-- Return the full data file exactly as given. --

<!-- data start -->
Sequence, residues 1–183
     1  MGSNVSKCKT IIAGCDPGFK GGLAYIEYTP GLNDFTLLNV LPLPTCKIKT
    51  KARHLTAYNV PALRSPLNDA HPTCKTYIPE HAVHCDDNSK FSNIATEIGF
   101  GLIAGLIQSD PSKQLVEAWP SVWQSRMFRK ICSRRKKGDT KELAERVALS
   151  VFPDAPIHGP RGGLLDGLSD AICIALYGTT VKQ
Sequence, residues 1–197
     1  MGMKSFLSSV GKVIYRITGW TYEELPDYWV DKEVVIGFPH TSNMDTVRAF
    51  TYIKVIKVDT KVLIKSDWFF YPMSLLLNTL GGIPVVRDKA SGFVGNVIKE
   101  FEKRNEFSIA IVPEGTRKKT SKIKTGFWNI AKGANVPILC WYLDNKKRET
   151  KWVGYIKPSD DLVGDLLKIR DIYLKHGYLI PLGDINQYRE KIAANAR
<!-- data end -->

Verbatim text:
Sequence, residues 1–183
     1  MGSNVSKCKT IIAGCDPGFK GGLAYIEYTP GLNDFTLLNV LPLPTCKIKT
    51  KARHLTAYNV PALRSPLNDA HPTCKTYIPE HAVHCDDNSK FSNIATEIGF
   101  GLIAGLIQSD PSKQLVEAWP SVWQSRMFRK ICSRRKKGDT KELAERVALS
   151  VFPDAPIHGP RGGLLDGLSD AICIALYGTT VKQ
Sequence, residues 1–197
     1  MGMKSFLSSV GKVIYRITGW TYEELPDYWV DKEVVIGFPH TSNMDTVRAF
    51  TYIKVIKVDT KVLIKSDWFF YPMSLLLNTL GGIPVVRDKA SGFVGNVIKE
   101  FEKRNEFSIA IVPEGTRKKT SKIKTGFWNI AKGANVPILC WYLDNKKRET
   151  KWVGYIKPSD DLVGDLLKIR DIYLKHGYLI PLGDINQYRE KIAANAR